Then, here’s the other problem: it has become a knee-jerk reaction to immediately assign blame for almost anything either to the Assad regime or to ISIS or both. This is partly because the regime and ISIS have together secretly targeted opponents for elimination. Still, an automatic resort to ascribing blame to the enemy is too convenient, lazy and lacks analytical rigor. For example, the assumption that the attacks were all carried out by the same party is too convenient. For what if they were not?
Apart from the fact that they all happened at about the same time, there is no evidence that they were conducted or ordered by the same group or people. While it must be conceded that the timing might imply coordination, it may also be the case that different groups saw similar opportunities at the same time.
In fact, precedents show that assassinations increase significantly when there is a lull in fighting. In other words, peace provides better conditions for assassinations than times of intense warfare. The end of fighting usually sees a reduction in the number of checkpoints, and people tend to lower their guard. Such conditions make it a favorable time for assassination attacks.
Next, differences in the profiles of the targets, which includes business owners, displaced people, locals, activists and fighters from different factions, also strongly imply that the targets were chosen for a variety of reasons. Theft, personal disputes and internal group divisions, among other reasons, could be the motives behind the attacks.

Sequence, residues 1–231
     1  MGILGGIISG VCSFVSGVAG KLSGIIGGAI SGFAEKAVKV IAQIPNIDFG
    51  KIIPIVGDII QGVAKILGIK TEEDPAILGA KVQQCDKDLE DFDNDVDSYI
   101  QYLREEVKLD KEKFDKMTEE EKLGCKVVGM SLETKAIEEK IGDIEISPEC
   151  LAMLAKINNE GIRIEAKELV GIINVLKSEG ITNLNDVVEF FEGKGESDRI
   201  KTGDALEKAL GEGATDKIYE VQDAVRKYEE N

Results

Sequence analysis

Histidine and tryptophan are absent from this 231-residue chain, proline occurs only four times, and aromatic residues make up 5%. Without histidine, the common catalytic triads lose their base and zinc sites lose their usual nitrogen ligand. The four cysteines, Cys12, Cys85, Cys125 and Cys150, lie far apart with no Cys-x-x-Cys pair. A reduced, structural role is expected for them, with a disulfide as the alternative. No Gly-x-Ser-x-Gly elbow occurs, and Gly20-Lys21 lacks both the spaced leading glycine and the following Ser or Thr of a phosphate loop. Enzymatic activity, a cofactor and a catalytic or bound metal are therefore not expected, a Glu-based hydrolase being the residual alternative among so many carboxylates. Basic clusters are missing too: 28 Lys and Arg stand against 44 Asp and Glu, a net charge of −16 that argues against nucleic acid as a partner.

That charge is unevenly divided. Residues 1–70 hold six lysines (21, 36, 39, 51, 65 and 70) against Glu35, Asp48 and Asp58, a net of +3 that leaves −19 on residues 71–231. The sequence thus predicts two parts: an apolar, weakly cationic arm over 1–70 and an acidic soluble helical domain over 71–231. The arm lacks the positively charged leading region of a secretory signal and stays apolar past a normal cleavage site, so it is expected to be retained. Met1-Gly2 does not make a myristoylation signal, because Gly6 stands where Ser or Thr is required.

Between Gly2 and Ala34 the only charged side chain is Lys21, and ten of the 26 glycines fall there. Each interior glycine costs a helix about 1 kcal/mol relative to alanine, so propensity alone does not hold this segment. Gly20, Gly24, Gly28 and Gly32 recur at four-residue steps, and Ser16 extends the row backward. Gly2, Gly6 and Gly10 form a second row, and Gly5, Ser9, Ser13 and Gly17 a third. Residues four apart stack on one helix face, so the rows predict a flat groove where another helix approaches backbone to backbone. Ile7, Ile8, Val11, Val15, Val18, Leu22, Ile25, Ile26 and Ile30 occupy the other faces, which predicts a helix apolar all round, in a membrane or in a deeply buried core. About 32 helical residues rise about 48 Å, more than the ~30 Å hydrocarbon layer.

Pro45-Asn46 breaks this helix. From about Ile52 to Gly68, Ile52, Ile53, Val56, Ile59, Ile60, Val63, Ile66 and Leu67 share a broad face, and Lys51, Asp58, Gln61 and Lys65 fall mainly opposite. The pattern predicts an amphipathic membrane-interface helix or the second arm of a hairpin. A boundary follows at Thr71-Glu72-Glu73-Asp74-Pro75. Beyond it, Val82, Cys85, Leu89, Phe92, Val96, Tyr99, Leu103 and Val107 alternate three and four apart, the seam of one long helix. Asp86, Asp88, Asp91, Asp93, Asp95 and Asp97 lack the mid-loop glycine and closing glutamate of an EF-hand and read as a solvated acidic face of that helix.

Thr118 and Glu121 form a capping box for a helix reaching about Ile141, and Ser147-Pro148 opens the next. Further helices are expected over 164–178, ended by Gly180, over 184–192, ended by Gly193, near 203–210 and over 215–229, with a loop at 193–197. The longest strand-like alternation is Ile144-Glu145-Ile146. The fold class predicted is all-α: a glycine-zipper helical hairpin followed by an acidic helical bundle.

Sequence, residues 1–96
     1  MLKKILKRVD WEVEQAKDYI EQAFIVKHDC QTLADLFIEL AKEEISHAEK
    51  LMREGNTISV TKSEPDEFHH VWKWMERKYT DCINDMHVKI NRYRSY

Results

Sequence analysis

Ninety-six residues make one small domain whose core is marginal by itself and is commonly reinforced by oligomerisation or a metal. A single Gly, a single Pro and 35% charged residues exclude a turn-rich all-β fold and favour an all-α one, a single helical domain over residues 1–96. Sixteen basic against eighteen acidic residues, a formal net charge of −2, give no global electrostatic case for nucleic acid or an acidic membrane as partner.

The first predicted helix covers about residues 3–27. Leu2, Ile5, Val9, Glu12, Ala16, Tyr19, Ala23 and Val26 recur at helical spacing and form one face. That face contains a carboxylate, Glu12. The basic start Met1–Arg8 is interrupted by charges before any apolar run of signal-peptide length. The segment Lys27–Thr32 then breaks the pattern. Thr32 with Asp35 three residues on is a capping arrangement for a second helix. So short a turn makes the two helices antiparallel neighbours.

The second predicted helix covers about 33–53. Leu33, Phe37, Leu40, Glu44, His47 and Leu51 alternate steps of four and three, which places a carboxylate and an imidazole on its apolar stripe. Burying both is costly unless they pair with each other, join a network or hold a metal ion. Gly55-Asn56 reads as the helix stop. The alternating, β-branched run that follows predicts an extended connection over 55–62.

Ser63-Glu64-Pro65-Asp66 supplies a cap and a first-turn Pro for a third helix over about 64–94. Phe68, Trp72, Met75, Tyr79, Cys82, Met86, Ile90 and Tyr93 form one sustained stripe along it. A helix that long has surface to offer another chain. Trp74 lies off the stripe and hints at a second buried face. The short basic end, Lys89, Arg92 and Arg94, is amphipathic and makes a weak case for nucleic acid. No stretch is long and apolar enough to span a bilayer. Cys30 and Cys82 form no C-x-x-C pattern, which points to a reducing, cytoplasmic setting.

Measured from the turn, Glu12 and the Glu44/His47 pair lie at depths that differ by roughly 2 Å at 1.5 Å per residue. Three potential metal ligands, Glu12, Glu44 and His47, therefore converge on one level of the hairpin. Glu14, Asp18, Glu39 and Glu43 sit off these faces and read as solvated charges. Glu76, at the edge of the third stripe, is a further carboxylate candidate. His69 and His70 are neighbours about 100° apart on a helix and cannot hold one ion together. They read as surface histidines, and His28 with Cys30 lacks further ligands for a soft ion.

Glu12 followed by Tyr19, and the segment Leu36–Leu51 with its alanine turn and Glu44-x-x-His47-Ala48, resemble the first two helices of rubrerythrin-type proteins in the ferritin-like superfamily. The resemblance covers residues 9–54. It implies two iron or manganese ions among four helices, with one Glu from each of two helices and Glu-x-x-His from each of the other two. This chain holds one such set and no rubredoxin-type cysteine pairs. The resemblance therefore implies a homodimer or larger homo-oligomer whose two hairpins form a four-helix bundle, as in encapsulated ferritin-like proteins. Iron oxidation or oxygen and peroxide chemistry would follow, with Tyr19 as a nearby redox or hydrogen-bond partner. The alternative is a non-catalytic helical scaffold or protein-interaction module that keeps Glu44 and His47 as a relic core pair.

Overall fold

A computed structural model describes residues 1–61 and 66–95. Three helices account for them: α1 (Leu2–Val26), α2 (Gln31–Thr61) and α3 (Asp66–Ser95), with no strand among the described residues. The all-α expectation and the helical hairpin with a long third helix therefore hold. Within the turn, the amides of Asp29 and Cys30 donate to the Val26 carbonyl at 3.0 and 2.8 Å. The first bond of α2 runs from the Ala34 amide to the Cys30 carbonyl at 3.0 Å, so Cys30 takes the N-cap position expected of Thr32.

More crucially, it may not matter who is responsible for those assassinations, but rather what may come of them. There is real concern that HTS might take advantage of the panic that have followed the assassinations to increase its dominance and, even, popularity. The attacks could conceivably push people to seek help from any faction they deem capable of bringing about security and stability. This puts HTS in a sweet spot, as it has, unlike other rebel groups, the willingness and the capacity to provide both. Indeed, it has already started to take advantage of the situation to launch a large-scale security campaign under the pretext of capturing the perpetrators of the assassinations. HTS in the past has used similar opportunities to arrest opponents and to bolster its presence and dominance. In some cases, this has actually increased its popularity among the population.
Therefore, it is both prudent and important for Syrian groups, as well as the countries involved in supporting different police forces in Syria – such as the Western-backed Free Syrian Police force and the Turkish-backed police force – to invest more greatly in protecting local communities from such attacks. While this might seem a small matter against the greater scale of the war, it is a necessary action to take in order to prevent HTS from profiting more greatly from misery. The incidence of assassinations has decreased, but the opportunity to cause further mischief on the part of HTS has only begun.
Haid Haid is a research fellow at the International Center for the Study of Radicalization at King’s College London. He is also a consulting research fellow of Chatham House’s Middle East and North Africa program.
AFP PHOTO/OMAR HAJ KADOUR